Egypt's foreign minister complained on Saturday that Western governments had not sufficiently helped Egypt in its war on terrorism and had not shared relevant intelligence with Cairo regarding the downed Russian airplane that crashed last week in the Sinai, killing 224 people.

Sameh Shoukry, speaking at a press conference, said that "European countries did not give us the cooperation we are hoping for."

Egypt's past calls for assistance and coordination on terrorism issues from "the countries that are now facing the danger" had not been dealt with seriously, he said.

Shoukry also complained that Western nations that have cancelled flights to Sharm el-Sheikh did not share with Cairo the relevant intelligence upon which they based their decisions. U.S. and British officials have cited intelligence reports as indicating that the Russian flight from the Sinai resort town to St. Petersburg was brought down on Oct. 31 by a bomb on board. Shourky told reporters that Egypt, "expected that the information available would be communicated to us instead of being broadcast" in the media.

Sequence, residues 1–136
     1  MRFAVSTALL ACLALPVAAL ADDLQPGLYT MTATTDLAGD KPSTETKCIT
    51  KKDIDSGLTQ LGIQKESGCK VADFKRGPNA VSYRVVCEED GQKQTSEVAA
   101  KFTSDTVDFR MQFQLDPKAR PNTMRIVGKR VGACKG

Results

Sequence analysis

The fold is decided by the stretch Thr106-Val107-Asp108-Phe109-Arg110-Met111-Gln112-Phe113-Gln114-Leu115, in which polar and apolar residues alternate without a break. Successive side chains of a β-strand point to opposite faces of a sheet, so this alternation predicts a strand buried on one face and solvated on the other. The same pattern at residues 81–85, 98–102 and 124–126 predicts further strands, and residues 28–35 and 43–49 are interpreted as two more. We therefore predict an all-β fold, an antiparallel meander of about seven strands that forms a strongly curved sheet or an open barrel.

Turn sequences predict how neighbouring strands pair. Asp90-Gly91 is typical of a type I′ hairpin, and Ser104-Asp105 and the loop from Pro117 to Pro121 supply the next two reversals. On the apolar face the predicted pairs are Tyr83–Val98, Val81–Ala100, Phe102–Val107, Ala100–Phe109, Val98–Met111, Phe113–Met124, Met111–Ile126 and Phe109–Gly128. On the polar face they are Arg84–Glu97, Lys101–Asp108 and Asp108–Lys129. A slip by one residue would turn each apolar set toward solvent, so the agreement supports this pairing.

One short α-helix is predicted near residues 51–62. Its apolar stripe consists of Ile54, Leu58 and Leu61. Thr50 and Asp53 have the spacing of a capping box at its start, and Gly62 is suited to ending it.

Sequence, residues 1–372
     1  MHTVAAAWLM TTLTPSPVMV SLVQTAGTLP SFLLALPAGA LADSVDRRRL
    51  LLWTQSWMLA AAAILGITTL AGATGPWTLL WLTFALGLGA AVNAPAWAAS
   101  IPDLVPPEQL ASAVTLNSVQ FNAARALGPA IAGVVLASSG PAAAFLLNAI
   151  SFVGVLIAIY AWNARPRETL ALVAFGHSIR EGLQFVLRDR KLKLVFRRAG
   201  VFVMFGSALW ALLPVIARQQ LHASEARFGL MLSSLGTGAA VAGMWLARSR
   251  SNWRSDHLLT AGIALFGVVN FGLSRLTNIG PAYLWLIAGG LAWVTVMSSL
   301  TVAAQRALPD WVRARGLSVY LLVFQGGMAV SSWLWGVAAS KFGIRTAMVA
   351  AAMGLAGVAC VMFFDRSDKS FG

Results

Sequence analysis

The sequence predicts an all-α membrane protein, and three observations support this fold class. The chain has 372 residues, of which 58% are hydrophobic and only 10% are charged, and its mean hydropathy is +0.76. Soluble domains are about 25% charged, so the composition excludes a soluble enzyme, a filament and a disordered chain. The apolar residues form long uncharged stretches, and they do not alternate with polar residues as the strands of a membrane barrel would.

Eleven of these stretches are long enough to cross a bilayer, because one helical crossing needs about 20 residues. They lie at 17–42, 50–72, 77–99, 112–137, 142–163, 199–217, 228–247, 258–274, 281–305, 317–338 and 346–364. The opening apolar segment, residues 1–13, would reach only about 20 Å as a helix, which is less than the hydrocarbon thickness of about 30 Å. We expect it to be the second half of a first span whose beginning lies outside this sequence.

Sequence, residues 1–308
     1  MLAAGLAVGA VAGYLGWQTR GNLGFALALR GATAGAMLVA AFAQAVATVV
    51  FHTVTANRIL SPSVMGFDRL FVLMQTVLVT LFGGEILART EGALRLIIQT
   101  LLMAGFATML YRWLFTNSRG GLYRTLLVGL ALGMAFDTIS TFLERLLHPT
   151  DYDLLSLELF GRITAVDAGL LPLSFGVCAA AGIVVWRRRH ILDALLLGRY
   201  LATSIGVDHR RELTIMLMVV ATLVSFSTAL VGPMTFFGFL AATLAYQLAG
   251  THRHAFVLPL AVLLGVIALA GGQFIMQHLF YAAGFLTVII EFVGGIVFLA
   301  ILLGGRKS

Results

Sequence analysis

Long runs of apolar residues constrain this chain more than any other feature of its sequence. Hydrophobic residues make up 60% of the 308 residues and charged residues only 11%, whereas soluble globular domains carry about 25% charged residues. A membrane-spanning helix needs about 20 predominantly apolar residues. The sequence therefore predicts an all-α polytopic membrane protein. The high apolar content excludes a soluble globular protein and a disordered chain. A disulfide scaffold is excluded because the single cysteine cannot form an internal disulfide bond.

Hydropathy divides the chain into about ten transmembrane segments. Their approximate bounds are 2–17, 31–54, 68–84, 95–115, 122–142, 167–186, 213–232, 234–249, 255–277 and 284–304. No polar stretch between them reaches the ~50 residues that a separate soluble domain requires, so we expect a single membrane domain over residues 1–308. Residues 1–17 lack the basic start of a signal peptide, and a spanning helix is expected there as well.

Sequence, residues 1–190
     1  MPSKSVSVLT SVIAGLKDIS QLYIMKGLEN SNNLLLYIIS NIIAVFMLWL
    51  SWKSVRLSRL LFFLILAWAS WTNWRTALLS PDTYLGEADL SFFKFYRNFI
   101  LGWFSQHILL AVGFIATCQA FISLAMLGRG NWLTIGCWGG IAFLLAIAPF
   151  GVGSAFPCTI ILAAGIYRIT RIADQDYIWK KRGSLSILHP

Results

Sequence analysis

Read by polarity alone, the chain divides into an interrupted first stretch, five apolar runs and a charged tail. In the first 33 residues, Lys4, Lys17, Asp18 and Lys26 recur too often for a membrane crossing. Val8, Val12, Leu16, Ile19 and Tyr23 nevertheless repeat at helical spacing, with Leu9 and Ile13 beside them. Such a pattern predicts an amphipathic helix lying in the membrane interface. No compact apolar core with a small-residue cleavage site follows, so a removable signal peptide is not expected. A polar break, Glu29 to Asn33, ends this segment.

Shoukry's comments came as Egypt launched an internal investigation into the staff and ground crew at the Sharm el-Sheikh airport, according to multiple Egyptian security and airport officials.

The officials told The Associated Press Saturday that authorities were questioning airport staff and ground crew that worked on the Russian flight and had placed some employees under surveillance. The officials all spoke on condition of anonymity because they were not authorized to speak to the media.

Saturday's crash dealt another blow to Egypt's battered tourism sector, which is yet to fully recover from years of political turmoil. Russians comprise nearly a third of all tourists who visited Egypt in the past year.

Islamic State extremists have claimed that they brought down the Russian Metrojet flight. Egyptian authorities have been trying to whip up support for a war on terror after the military overthrow of Islamist President Mohammed Morsi in 2013. A crackdown on Islamists and a series of militant attacks on security buildings and checkpoints, mainly in the restive Sinai Peninsula, have followed Morsi's ouster — with a Sinai based affiliate of the Islamic State group claiming responsibility for some of the most devastating attacks.